Our Claddagh History

We are tied to the ocean. And when we go back to the sea, whether it is to sail or to watch-we are going back from whence we came.
— John F. Kennedy

The Claddagh ring, known all over the world as a symbol of love, loyalty and friendship, originated in a small village on the outskirts of Galway City.  

With ancestors from this iconic Claddagh fishing village, Skipper Ciaran Oliver & his extended family are proud of their ancestral heritage.  At the heart of the family's history is the Galway Hooker Boat fishing traditions.

 The Claddagh: 1903.

The Claddagh: 1903.

CLADDAGH CUSTOM: A Living Tradition.

As one of the oldest recorded fishing villages in Ireland, the Claddagh dates back to the 6th Century.  Up until the early 1900s it was a thriving  Irish speaking community with it's own customs (they even had a King of the Claddagh), laws & way of life that was shaped entirely by ocean living & traditional fishing practices.   The Galway Hooker workboat was central to the survival of this culturally unique community, as well as their beautiful rye & oat straw thatched cottages with whitewashed walls. 

The thatched cottage: An image that has become a well established, much loved symbol of Ireland

This was the home of hundreds of fishermen & their hard working wives, and at one time there would have been up to 500 of these dwellings on the shoreline of Galway City.  Sadly, the houses were demolished in the 1930s.  However, the memory of the Claddagh people lives on through families such as the Oliver's who are dedicated to a life inspired by previous generations, Wild Atlantic adventures & inclusive community values.  

 Image of Katie's Claddagh Cottage, a restored thatched heritage & design centre.  Photo: Compliments of   Claddagh Designs.ie

Image of Katie's Claddagh Cottage, a restored thatched heritage & design centre.  Photo: Compliments of Claddagh Designs.ie

The term ‘hooker’ is associated with ‘hook and line’ fishing, where long lines of baited hooks were drawn through the water and individual fish were caught when they went for the bait on each hook. This method of fishing, adopted by Galway fishermen, was referred to as ‘long-lining’.

The Galway Hooker in it's various forms (gleoiteog, púcán, leathbhád & bád mór) is the traditional sailing work-boat of Galway Bay.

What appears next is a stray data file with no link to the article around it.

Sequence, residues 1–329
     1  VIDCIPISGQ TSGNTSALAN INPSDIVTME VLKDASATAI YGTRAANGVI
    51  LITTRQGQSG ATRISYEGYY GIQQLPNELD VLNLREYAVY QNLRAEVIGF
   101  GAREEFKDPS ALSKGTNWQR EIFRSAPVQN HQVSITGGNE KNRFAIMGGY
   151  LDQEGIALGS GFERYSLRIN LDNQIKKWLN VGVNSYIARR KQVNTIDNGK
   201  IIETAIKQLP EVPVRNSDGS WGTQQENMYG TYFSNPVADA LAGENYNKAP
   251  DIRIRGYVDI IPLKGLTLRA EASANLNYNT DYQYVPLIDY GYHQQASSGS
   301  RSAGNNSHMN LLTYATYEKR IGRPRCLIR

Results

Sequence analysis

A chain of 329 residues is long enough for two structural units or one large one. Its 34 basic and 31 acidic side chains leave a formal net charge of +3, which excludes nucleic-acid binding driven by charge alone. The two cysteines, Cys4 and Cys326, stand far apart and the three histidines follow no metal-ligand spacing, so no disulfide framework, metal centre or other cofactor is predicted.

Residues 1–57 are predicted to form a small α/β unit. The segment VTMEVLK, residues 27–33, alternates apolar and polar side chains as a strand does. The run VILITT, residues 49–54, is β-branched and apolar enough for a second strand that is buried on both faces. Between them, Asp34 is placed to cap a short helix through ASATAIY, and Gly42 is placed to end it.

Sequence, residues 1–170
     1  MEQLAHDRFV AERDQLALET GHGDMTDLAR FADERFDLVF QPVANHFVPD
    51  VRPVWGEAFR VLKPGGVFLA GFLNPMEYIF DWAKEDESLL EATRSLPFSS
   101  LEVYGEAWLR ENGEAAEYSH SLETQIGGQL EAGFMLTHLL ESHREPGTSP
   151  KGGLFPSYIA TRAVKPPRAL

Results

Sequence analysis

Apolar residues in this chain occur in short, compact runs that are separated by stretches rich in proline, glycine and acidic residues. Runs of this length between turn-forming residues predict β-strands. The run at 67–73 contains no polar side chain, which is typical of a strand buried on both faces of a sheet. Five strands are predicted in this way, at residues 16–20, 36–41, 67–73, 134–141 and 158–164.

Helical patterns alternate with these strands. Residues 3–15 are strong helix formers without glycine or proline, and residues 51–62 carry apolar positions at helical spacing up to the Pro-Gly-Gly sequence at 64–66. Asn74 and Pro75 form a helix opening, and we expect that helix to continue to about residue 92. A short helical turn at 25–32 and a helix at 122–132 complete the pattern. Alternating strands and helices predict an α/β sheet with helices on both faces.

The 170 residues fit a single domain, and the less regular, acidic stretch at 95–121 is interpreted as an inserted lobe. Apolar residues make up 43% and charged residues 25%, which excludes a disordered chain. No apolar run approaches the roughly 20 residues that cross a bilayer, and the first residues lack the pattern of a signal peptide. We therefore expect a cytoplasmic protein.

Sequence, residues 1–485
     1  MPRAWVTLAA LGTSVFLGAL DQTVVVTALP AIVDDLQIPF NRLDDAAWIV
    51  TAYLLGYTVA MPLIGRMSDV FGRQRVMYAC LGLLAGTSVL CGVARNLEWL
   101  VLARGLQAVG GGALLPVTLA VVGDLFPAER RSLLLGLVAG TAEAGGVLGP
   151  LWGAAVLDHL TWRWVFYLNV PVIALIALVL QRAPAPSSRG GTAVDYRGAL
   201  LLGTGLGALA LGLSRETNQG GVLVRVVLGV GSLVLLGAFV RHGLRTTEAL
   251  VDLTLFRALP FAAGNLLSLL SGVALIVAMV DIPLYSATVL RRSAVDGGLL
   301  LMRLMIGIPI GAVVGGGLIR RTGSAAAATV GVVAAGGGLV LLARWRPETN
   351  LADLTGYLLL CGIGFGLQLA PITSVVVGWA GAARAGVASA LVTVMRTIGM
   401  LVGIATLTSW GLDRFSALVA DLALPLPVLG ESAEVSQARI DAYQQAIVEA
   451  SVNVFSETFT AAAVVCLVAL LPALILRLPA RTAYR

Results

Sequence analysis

These distinctive short, broad boats, with their tarred black hulls and brown sails, were used for fishing and for transportation (particularly turf and seaweed).  The last of the working Galway Hookers was named the Truelight and owned by late King of the Claddagh, Máirtín Oliver.  Máirtín was the last man to have sailed an original working Galway Hooker from the Claddagh, prior to their re-emergence in the 1980s as pleasure crafts.   In honour of the late King of Claddagh, a Galway Hooker boat was custom made for the Museum by traditional craftsmen Pat Ó Cualáin and Micheál MacDonncha from An Cheathrú Rua.  This boat hangs spectacularly in the atrium of the Galway City museum.

A Living Galway Tradition (Photo Credit: Nicholas Grundy)

GAlway's Oldest Tradition

The Oliver family are part of the Badoiri an Cladaig movement in Galway City.  Dedicated to both restoring & supporting the restoration & continuation of Galway's traditional Hooker workboats, they are well on target to reconstruct a number of working boats to be launched in the Bay to celebrate Galway's largest festival yet: European Capital of Culture, 2020.

 A Passed Down Tradition of Sailing in Galway Bay.

A Passed Down Tradition of Sailing in Galway Bay.

Education projects

Part of this endeavour is sharing these ancient sailing experiences with families, friends & visitors.  Children absolutely love getting out on the water, seeing wildlife & telling stories.  "We believe that in some small, special way we are restoring a little bit of the magic that child-hood dreams are made of!"  Keep an eye on our Try Sailing Page for our updated 2018 Education Projects COMING OUT SOON!